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Noon State News Briefs: Kratz lawyer says women making accusations for money

The attorney for prosecutor Ken Kratz says two-of-the-four women who accuse him of being sexually-suggestive are quote, "driven by financial opportunity."

Lawyer Robert Craanen tells the AP he wouldn't be surprised if more women show up on national TV to make similar accusations. Kratz, the Calumet County district attorney, admitted last week that he gave racy text messages to abuse victim Stephanie Van Groll while he prosecuted her ex-boyfriend. Since then, a woman accused Kratz of giving her confidential details of a murder and inviting her to an autopsy. Law student Maria Ruskiewicz said Kratz asked her how she performs in bed, after she asked him to support a pardon for her 10-year-old drug conviction. And Van Groll's attorney said a fourth woman accused Kratz of giving her suggestive messages a number of years ago. Craanen said the woman's story about the autopsy invitation was "completely ridiculous." And Craanen says he's investigating the law student's claim. Kratz is getting treatment, he refuses to resign, and he's fighting a possible effort by the governor's office to remove him.


A state Justice official has asked another agency to review its previous ethics probe into Calumet County District Attorney Ken Kratz. The Office of Lawyer Regulation took no action against Kratz last December. That's after he sent racy text messages to a domestic abuse victim while prosecuting her ex-boyfriend. The Justice Department looked into the matter - and while it did not seek to punish Kratz, it did tell him to report the incident to the Lawyer Regulation office. Now, Justice official Kevin Potter has told the office that its original investigation appeared to be flawed - and it should try again to determine if Kratz broke lawyer conduct rules that quote, "may be relevant." Kratz admitted sending 30 racy text messages to Stephanie Van Groll, after the incident became public for the first time a week ago. Since then, three other women claim that Kratz gave them sexually-suggestive messages. And Kratz is getting treatment while Governor Jim Doyle looks into the possibility of removing him from office.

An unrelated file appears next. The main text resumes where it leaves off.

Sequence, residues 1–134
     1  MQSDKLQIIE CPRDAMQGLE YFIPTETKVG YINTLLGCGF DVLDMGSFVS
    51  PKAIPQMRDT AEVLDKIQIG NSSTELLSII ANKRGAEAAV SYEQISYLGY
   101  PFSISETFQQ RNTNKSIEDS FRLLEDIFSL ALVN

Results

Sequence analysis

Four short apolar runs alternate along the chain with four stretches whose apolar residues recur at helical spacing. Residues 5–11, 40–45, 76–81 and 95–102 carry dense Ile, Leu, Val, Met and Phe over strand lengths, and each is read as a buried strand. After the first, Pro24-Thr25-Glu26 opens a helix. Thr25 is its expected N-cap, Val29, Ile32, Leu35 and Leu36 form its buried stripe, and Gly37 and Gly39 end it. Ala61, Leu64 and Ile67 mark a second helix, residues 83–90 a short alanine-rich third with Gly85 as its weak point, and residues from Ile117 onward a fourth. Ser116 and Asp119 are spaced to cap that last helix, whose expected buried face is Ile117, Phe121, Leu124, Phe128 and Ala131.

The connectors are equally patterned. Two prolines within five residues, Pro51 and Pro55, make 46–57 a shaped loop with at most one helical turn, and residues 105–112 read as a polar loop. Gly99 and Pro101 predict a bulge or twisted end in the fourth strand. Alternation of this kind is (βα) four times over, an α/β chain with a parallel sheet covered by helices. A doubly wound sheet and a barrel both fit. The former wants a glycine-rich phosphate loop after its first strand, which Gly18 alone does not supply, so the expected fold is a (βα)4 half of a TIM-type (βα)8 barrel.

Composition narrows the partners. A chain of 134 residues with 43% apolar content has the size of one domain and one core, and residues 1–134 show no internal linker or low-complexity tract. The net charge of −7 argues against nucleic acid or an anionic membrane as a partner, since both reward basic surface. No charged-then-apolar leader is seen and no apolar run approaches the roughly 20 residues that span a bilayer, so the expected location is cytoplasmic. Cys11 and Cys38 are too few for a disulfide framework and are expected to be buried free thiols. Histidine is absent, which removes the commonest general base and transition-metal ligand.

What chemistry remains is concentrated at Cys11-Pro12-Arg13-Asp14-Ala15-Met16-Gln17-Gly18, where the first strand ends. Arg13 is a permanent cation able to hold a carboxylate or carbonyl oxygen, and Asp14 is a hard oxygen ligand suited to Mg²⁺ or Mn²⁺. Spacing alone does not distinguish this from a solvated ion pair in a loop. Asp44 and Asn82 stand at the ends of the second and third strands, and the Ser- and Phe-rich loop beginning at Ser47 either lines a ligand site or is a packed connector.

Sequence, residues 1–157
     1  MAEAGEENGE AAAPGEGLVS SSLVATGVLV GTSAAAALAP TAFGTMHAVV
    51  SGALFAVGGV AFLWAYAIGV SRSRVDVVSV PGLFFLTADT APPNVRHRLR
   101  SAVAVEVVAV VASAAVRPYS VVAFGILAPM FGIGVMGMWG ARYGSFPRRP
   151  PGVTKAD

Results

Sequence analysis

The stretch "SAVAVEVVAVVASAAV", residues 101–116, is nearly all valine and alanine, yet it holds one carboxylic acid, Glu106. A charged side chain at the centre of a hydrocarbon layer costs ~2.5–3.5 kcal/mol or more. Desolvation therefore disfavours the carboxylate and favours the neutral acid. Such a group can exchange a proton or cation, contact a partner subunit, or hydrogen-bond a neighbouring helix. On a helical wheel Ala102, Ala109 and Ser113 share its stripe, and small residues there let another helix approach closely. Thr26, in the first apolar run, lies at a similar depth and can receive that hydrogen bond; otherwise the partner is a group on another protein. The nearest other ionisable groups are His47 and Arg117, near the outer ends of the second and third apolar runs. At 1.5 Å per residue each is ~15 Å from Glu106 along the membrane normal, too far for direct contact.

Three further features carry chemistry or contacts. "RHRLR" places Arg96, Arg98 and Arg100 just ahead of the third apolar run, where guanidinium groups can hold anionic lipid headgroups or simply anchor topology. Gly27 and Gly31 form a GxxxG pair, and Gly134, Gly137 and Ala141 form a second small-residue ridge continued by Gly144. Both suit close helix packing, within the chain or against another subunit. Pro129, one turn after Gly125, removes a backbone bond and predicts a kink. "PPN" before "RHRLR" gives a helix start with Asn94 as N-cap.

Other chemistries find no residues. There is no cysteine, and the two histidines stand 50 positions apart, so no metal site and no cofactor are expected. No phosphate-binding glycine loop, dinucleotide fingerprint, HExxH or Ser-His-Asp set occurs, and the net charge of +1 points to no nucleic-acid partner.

A nursing home in Sun Prairie has agreed to pay about two-million-dollars to settle a lawsuit over a patient's death. The family of Cynthia Wilms said nursing home staffers failed to treat her surgical wound correctly, and she died because of it. Wilms was a patient at the Willows Nursing-and-Rehab Center in 2007, after she had hip replacement surgery. The home's owners did not comment on the settlement. The Wilms family attorney, Matthew Boller, said the home was under-staffed - and the death shows the catastrophic results that can occur when that happens.


A Wausau woman is free on a signature bond, after being charged with kidnapping another woman for a 290-dollar ransom. 29-year-old Jamie Zdanovec is charged in Marathon County with felony kidnapping. And police say they're looking for a second abductor, 33-year-old Chris Devine of Wausau. Police said a female victim told her husband she was being held hostage on Saturday night, and she would be harmed if he didn't pay 290-dollars which Devine claimed the husband owed him. The victim said she didn't know anything about that. She told police the kidnappers put a sweat-shirt around her face, drove her around Wausau, and made a couple stops. A witness saw the incident and gave police a description of the vehicle - and officers later found the vehicle near Zdanovec's home. The female suspect was in the car at the time, along with the victim who was unharmed. Zdanovec is scheduled to return to court October fourth, when a judge will decide if there's enough evidence to order a trial.